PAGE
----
Updated: Mar 3
Self-hypnosis is a play on guided meditation and visualization and it can be a great tool for exploring the subconscious mind, relaxation, mindfulness, and gaining insight from within. Self-hypnosis is inherently a creative act and full of potential when approached with curiosity. Below, I'll dive into the five steps of self-hypnosis!
Important notes about self-hypnosis:
Hypnosis is a state of altered awareness, please only practice when you can fully relax and let go (ie: not while driving or doing something that requires your focus).
Your subconscious mind has one primary goal: to keep you safe, it will never put you in harms way. One tool to support this is dissociation: if at anytime you want to step back from your journey, imagine floating up out of the story and watching it from above, watching it as if it's on TV.
Please do not attempt to address past trauma through self-hypnosis, this is best done under the supervision of a qualified hypnotherapist.
This is not medical advice - this practice is for building self-awareness and self-exploration.
Here are the 5 steps to self-hypnosis!
1. Orient yourself with an intention
Your first step is connecting with your intention. This intention will help guide you through your practice and give you an idea of what you want to address. The intention doesn't have to be fancy, just something that gives your mind a general focus.
If you need some ideas to put your thoughts into intentions, try pulling tarot/oracle cards or putting pen to paper and free writing for a bit. Here's a few prompts:
Is there a conflict or decision I've been thinking a lot about lately?
How am I feeling right now?
How do I want to feel?
If I could change anything in my life, what would it be?
2. Think about where you'll go
Self-hypnosis is about free expression and exploration, but it can be helpful to think about where you might go in your journey. Once you get started, you can let go of the reigns and see where your mind takes you or stay on your conscious path - it's all correct for you.
Here's a few ideas to get you started, but I encourage you to get creative! The subconscious mind responds beautifully to metaphors and stories.
For peace, explore your happy place
To gain insight: visit a library full of books
To quiet the mind: find a room full of boxes/jars/containers where you can put thoughts
To transform, plant, and nurture: visit a familiar garden & tend to it
To connect with self: visit water (reflection), meet a higher self/wise advocate to ask questions, connect with your inner child.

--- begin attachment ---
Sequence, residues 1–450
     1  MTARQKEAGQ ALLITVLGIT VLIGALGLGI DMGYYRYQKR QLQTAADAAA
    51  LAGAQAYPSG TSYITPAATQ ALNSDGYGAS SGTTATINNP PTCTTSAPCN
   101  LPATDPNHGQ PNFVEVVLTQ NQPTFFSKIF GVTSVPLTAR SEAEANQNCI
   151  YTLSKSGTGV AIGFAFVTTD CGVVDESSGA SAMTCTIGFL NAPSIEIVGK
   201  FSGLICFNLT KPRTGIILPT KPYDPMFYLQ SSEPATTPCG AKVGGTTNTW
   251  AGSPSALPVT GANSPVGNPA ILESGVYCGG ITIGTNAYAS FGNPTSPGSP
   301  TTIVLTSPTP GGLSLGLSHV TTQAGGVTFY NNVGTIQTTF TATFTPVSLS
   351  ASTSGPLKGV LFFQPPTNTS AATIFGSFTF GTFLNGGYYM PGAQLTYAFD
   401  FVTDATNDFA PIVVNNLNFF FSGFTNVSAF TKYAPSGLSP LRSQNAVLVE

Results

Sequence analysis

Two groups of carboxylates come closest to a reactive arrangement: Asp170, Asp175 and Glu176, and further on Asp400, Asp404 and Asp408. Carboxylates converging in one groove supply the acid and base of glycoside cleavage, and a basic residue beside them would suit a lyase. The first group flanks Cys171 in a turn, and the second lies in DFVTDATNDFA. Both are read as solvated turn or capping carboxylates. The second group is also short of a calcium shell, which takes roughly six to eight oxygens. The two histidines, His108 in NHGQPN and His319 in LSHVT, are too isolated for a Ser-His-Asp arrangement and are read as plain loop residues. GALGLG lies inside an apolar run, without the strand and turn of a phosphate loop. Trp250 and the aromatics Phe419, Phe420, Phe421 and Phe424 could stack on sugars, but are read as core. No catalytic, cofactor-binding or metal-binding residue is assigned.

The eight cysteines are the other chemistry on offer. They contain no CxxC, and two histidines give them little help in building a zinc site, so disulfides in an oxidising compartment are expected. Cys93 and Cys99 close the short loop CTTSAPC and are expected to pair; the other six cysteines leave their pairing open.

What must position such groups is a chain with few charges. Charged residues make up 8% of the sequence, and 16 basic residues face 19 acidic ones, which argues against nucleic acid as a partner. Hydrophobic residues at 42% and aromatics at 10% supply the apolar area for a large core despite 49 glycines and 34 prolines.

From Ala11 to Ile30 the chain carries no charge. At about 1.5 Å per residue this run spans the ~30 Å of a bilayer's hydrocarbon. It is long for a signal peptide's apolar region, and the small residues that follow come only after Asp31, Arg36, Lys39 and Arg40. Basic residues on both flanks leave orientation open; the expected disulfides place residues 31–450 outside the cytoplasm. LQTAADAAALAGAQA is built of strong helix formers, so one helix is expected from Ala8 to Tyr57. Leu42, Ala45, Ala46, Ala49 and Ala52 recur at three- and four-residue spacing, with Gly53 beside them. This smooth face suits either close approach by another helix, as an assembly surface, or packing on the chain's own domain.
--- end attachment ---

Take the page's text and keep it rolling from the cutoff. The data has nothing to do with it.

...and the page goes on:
To reinforce change: a movie theatre to visualize yourself in a new state
3. Quiet the conscious mind
There are a number of ways to do this and each individual enjoys different ones! The general idea is to enter a state of relaxation using the breath and awareness. Below are a few ideas. Play with them, combine them, stack them, make new ones up, find something that feels good to you.
Focus the gaze on a point in front of you and allow your eyes to soften. Without moving your eyes, begin to fill in the peripheral vision - see as far to the left, the right, up, down, without moving your eyes from that point.
Breathe deeply - deeper with each breath. Imagine the body softening deeper with each exhale.
While focusing on the breath, open they eyes on each inhale and close them on each exhale. Notice the heaviness of the eyelids, but try to keep them open. When you're ready, allow them to fall shut.
Close the eyes and imagine a light (of any colour that feels good) flowing through every part of your body. Start at your head and bring this relaxing light to each part of the body. Breathe into any areas that need extra care.
4. Go deeper
As your body relaxes, imagine you're at the top of a beautiful staircase. Notice how it looks, what it's made of, what colour it is. Then counting from 10-1, taking one step with each number, make your way down the stairs. Here you'll find a door.
Observe the door and notice it's intricacies, then open it to reveal whatever space you set to visit. Landing in your "happy place" where you feel safe is always a great start, from there you can go anywhere.
Explore your subconscious, receive what you need to receive, then when you're done, return to that door and make your way back up the stairs.
As you return to your body, return to the breath, wiggle your fingers and toes, bring awareness back to the room.
5. After your self-hypnosis
While you can end there and go about your day - oftentimes some of the best insight comes from the reflection afterwards. This might look like, but is not limited to:
Journalling about what you saw/felt/heard
Drawing a picture
Free-writing for 5 minutes
Telling someone about it
Returning to your original intention to see what you learned
Self-hypnosis is a wonderful practice that you can tap into as often as desired. If you're curious about exploring more in-depth subconscious stories, explore working with me through Human Design and Hypnotherapy! In our sessions together, I support you by guiding you along in your journey so that you can transform the beliefs that might be holding you back.
Your mind is open to change, I'm so glad you're ready to explore it!